There is no SI unit of “degree” or even “angle”.

Length along the arc is clearly a unit of distance. So is length of the radius. So one divided by the other is a simple number. This defines the angle.

But you can have an angle without a distance. “Angle” could be a unit of rotation. Any ideas why we don’t have an SI unit of rotation? ]]>

Comment:

When illustrating to students the connection between the unit circle and its map into a sine or cosine function, one could say that the distance of the wave line y=sinx is the radian value of x.

— So, the distance from the start of the sine function to the end of its first iteration at 2pi (360) is 2pi. It would seem so, but do not have any formal proof for it.

]]>1. Trigonometric libraries are slowed down when calculating large numbers, where cycles could make it trivial to perform the calculation: simply drop the whole number, and do the calculation on the whole number part.

2. 360 divides nicely by factors of 10, 9, 8. This means the degree measure for any of those angles can be stored exactly as a finite binary number.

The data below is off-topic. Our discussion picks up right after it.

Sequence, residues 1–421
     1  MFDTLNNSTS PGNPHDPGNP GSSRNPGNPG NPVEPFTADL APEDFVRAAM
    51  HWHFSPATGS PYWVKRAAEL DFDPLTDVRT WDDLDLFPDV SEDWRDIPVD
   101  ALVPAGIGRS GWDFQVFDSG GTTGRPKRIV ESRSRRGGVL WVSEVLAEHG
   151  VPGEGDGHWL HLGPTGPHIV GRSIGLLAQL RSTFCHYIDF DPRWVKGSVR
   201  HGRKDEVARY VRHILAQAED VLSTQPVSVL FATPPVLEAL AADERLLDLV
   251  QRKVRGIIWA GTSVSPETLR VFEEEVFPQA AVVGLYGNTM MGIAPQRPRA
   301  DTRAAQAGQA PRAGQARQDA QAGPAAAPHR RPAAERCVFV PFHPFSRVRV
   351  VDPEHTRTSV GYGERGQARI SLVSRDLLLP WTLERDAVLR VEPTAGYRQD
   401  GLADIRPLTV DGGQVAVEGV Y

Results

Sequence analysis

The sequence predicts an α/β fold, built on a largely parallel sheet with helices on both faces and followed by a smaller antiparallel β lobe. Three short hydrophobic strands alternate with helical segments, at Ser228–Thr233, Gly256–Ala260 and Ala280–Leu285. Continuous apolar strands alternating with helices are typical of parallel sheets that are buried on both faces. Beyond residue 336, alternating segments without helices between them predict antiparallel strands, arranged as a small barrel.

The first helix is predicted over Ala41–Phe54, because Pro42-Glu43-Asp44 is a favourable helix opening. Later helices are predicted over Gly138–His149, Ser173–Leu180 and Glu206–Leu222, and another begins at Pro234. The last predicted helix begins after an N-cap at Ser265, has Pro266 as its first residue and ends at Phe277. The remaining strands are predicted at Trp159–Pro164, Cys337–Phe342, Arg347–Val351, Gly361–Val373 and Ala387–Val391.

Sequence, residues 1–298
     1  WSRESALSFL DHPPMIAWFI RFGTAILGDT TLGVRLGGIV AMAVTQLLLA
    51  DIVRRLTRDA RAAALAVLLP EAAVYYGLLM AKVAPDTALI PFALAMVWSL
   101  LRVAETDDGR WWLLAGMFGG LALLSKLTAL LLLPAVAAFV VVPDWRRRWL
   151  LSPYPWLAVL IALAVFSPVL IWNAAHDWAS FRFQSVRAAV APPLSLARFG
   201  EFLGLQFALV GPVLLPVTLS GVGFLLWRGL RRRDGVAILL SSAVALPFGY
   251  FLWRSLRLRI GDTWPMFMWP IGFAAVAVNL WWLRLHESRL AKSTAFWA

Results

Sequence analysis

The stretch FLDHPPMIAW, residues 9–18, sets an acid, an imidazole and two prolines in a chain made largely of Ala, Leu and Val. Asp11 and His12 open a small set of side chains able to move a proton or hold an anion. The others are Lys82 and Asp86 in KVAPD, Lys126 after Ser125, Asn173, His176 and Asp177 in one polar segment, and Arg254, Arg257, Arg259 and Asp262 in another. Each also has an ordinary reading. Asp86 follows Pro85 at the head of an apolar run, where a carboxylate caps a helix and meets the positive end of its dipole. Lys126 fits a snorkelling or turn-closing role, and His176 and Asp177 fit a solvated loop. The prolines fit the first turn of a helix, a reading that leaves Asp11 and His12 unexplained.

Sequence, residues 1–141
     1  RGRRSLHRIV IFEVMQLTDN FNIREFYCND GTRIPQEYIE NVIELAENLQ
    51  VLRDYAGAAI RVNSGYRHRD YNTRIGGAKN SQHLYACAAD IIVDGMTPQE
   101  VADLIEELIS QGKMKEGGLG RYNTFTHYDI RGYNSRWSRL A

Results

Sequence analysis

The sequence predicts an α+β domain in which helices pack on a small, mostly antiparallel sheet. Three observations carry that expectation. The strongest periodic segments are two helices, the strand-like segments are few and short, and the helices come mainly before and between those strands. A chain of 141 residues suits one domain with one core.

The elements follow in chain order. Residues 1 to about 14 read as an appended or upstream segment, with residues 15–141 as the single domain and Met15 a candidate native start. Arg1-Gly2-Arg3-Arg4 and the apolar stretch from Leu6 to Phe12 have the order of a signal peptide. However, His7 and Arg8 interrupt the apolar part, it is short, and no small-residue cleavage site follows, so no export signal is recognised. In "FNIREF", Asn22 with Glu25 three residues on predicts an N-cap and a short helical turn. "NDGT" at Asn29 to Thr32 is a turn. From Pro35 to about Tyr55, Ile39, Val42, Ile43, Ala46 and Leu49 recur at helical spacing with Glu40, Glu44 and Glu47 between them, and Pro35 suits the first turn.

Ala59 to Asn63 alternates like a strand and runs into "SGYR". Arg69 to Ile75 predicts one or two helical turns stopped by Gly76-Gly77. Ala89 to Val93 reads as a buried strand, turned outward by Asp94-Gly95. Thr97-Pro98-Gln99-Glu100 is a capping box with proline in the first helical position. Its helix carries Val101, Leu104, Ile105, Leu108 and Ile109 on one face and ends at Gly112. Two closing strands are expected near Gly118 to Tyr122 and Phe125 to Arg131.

As for Euler’s formula, cos t + j sin t = e^jt is kind of nice, but when you start doing Fourier transforms, you see e^(j*2*pi…) terms, and the reason the 2*pi is there is because you’re using radians instead of cycles. Use cycles, and the term goes away.The Fourier transform (along with its variants like cosine transform) is widely used in engineering and science for everything from jpeg image compression to radio frequency modulation. A silly thing that slows down trig functions in FFT calculation is the common use of radians for cosine and sine in standard libraries where it’s completely unnecessary.

]]>A much more secure way is to drill the hole in the brass screw slightly smaller than the diameter of the steel shaft and then heat it to point where it is larger than the steel diameter. Then quickly push it over the the steel shaft until it cools. Is this practical.? ]]>

Similar thing that has always dissatisfied me is how repeated roots are handled in the characteristic equation for ODEs. The method basically boils down to “here’s the answer, check it it works.” Which is a little bit like saying “this is the integral, just differentiate and you will see”. Sure that shows the answer is correct. But it doesn’t help in deriving it. The one book that I have found that did a nice job of a natural derivation was actually 4th edition Thomas Finney Calculus.

Would note on your problem above that a lot of books give a general method with a subsitution of half angle tangent. This works in general for sin cos type problems. And the sec problem yields to it. Even here would like a little intuitive rationale for why it is the key to unlock so much.

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